The Peace Corps staff in Zambia recognizes the adjustment issues that come with diversity and will endeavor to provide support and guidance. During pre-service training, several sessions will be held to discuss diversity and coping mechanisms. We look forward to having male and female Volunteers from a variety of cultures, backgrounds, religions, ethnic groups, and ages, and sexual orientations, and hope that you will become part of a diverse group of Americans who will take pride in supporting one another and demonstrating the richness of American culture.

What Might A Volunteer Face?

The comments that follow are intended to stimulate thought and discussion. The issues discussed may or may not have an impact on your own Volunteer experience. Rather, they are here to make all Volunteers aware of issues that one particular group or another may face.

Possible Issues for Female Volunteers

Zambia is a paternalistic society. Young female Volunteers may experience some frustration when Zambian men do not take them seriously at first or view them as children. Female Volunteers may also receive more unwanted and inappropriate attention from Zambian men. They may have to work harder than male Volunteers to gain the respect of colleagues in the workplace. They may not be accorded the respect they are normally used to receiving.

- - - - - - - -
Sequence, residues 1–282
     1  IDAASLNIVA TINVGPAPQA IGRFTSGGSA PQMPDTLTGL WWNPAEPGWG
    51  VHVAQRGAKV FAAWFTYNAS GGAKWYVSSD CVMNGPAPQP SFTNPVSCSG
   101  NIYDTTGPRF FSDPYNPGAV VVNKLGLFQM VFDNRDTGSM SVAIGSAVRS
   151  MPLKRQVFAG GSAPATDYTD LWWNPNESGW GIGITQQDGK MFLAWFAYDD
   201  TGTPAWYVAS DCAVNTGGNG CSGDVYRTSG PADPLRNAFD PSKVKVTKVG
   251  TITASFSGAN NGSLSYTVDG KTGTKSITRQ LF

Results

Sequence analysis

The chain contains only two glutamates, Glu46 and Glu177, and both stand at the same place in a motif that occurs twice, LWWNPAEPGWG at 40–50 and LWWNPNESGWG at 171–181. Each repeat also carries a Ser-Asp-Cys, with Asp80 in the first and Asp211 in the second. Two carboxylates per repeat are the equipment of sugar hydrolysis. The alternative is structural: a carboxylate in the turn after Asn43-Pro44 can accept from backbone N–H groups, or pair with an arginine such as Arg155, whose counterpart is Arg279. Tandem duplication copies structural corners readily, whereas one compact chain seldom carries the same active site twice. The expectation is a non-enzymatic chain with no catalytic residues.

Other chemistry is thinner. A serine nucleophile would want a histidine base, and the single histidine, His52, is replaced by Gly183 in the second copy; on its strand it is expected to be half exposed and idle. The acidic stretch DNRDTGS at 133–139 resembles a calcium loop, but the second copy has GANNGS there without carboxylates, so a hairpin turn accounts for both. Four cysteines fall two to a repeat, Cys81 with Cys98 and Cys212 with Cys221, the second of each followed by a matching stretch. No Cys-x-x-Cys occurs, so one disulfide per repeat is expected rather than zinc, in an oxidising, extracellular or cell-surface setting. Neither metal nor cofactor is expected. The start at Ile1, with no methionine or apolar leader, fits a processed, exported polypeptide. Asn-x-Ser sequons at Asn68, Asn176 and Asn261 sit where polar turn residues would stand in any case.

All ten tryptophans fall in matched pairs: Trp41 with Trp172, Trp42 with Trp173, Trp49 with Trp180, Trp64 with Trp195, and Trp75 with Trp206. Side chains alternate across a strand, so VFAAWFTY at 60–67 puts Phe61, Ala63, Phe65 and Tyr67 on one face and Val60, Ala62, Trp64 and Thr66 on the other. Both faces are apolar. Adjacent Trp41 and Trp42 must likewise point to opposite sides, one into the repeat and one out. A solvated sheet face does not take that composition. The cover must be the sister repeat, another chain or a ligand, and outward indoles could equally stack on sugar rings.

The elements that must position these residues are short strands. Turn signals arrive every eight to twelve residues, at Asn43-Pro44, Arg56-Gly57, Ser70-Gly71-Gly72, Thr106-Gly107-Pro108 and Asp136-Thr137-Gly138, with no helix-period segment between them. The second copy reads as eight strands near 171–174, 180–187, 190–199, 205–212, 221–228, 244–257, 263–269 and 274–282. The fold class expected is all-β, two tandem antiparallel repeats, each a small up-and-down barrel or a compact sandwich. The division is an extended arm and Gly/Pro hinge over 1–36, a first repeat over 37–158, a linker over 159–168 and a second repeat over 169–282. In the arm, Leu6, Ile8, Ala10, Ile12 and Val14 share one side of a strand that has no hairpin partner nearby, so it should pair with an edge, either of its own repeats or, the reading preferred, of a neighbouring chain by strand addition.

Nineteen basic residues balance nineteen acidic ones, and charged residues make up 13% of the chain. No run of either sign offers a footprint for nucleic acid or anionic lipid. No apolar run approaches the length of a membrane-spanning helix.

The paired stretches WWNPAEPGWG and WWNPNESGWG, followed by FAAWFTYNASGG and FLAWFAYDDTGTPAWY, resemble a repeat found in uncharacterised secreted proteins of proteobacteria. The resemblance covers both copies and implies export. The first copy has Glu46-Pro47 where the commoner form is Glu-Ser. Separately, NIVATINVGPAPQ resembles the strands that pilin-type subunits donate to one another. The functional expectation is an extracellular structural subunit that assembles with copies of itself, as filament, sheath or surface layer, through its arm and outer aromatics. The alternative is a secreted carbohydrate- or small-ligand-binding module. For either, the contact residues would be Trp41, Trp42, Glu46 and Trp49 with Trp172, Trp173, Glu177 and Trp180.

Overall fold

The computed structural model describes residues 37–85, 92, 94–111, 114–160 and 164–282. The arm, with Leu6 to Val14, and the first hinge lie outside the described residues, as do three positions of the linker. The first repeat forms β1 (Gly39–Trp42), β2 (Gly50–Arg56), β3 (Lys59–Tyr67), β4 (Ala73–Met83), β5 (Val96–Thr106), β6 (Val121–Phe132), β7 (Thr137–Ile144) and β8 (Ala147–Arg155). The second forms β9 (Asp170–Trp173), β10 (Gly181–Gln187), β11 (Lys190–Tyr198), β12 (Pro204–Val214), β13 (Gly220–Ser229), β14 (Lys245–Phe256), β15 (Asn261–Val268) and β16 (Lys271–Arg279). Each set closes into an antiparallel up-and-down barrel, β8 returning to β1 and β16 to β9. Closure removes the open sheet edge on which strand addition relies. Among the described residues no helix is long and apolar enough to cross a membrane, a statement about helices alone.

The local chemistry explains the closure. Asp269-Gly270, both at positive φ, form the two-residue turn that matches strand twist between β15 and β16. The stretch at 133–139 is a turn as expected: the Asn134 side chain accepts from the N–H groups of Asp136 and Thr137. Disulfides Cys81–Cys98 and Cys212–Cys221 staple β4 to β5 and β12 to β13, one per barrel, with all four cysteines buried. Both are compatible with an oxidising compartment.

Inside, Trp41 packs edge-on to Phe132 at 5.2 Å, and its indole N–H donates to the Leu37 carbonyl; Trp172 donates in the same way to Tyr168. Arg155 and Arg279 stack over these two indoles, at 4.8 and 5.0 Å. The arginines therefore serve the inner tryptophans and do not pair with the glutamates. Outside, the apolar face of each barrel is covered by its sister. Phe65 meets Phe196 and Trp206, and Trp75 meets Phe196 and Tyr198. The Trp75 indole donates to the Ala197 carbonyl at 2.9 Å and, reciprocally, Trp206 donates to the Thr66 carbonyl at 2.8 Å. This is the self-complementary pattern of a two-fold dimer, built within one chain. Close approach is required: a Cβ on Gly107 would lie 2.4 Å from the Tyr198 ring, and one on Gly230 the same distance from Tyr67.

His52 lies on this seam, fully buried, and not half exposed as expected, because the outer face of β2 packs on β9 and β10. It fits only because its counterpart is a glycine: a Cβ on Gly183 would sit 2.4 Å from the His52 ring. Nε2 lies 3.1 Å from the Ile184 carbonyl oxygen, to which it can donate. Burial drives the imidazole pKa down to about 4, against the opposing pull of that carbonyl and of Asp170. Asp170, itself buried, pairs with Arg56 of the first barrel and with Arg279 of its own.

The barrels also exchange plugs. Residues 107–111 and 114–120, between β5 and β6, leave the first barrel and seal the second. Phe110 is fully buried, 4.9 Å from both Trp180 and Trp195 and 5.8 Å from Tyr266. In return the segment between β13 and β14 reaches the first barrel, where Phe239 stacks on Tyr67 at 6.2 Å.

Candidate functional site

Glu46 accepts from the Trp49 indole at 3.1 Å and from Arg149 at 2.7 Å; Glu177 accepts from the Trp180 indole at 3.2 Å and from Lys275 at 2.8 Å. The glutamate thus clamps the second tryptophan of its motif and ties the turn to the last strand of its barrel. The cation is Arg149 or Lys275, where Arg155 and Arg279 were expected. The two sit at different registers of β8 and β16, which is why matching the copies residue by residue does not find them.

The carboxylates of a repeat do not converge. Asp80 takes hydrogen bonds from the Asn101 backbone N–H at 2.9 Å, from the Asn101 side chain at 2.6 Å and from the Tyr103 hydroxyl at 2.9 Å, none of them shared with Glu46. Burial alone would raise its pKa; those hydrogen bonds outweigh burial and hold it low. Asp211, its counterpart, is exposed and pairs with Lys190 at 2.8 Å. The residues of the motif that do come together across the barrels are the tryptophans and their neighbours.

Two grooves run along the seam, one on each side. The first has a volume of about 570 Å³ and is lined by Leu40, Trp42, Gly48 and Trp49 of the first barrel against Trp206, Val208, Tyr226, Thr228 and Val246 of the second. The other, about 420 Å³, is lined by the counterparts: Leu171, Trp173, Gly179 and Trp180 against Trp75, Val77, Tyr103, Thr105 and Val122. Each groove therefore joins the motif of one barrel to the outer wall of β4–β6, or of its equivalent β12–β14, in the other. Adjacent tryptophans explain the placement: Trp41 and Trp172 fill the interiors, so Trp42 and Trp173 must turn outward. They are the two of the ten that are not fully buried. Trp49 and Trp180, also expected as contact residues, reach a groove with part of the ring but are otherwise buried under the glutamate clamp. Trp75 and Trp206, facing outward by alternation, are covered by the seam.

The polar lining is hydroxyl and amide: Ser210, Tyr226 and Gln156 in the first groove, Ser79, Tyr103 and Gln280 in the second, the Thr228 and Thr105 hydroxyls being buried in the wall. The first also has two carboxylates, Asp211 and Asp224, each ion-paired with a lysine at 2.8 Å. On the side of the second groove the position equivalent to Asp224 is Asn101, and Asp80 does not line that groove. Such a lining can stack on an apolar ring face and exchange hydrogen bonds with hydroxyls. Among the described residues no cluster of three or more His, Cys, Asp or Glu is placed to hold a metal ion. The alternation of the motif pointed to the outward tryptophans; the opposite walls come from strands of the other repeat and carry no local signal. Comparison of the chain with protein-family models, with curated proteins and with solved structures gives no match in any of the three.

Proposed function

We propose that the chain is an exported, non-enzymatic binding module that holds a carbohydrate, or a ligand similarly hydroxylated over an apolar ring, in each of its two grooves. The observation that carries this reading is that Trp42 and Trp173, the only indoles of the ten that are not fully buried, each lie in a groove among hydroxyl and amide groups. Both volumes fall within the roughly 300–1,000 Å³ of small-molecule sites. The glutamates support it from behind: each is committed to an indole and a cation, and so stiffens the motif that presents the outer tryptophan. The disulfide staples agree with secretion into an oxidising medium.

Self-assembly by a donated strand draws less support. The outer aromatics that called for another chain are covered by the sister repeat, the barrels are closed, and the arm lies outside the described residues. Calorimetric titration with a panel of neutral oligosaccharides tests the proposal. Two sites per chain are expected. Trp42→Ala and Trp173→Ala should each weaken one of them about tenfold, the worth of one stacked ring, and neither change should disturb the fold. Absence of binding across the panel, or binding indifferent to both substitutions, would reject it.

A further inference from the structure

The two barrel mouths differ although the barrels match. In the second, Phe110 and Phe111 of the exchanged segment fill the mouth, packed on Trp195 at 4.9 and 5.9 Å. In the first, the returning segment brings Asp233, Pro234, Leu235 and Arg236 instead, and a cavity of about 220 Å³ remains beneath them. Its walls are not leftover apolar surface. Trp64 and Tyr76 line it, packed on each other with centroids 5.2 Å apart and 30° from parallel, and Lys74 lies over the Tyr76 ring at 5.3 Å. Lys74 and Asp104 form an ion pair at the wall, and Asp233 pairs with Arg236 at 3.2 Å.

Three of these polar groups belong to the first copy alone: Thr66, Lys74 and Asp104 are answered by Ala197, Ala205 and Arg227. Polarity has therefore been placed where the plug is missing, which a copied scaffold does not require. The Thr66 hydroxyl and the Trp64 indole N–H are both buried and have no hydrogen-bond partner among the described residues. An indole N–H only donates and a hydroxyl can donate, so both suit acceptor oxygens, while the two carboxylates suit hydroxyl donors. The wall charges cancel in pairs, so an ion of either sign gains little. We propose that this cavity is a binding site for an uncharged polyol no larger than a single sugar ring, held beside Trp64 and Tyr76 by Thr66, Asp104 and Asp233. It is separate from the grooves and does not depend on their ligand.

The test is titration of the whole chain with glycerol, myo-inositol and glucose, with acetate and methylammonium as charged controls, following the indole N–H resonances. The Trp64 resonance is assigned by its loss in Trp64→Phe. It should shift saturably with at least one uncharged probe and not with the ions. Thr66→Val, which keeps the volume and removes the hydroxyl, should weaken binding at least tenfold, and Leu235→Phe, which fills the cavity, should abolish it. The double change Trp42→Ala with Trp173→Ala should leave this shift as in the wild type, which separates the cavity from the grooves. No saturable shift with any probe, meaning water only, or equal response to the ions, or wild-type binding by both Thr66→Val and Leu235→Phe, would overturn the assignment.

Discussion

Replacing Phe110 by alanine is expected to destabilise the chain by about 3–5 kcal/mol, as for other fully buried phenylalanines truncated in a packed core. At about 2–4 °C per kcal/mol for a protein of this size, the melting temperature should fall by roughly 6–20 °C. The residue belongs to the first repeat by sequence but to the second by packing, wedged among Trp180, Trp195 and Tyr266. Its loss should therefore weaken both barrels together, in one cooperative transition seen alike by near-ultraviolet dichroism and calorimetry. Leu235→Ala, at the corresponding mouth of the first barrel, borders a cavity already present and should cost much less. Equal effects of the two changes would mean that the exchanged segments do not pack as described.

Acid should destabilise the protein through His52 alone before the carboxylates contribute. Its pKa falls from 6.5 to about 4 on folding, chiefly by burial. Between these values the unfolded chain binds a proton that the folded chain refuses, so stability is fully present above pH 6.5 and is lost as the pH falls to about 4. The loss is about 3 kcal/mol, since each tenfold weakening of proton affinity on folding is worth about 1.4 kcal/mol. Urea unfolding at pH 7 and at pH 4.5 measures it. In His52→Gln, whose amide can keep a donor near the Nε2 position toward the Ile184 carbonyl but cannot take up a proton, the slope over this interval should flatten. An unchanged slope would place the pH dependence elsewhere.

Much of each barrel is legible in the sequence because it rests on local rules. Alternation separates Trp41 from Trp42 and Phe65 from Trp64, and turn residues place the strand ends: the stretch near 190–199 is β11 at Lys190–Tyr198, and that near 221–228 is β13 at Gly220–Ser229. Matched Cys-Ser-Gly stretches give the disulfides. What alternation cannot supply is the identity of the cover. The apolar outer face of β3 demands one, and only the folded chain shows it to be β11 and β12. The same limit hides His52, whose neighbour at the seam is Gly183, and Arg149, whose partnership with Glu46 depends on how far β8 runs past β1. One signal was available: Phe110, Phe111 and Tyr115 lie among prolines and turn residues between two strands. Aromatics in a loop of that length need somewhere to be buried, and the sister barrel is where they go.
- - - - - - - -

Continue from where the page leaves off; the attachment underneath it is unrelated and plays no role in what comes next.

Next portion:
Possible Issues for Volunteers of Color

In Zambian cities and towns, it is fair to say that most Zambians are aware of some of the different racial and ethnic groups that exist in the United States. However, among rural populations, this level of knowledge and understanding greatly diminishes.


African Americans may not be recognized as Americans and may be asked what their tribal language and customs are. They may be expected to learn local languages more quickly than other Volunteers. They may be accepted more readily into the culture than other Volunteers or treated according to local social norms because it is assumed they are African. They may not be recognized as Americans or they may be perceived as considering themselves superior to Africans. They may be discriminated against by white Africans.

Hispanic American Volunteers may also be perceived as not being American; they may be labeled as Cubans or Mexicans. Zambians may expect Hispanics to automatically assume different role patterns or to interact socially with more ease. Asian-American Volunteers may be subject to stereotypes based on behavior Zambians have observed in films, such as being assumed to be experts at kung fu, and based on Zambia’s current or historical involvement with Asian countries. They may also be seen as not American.


Possible Issues for Senior Volunteers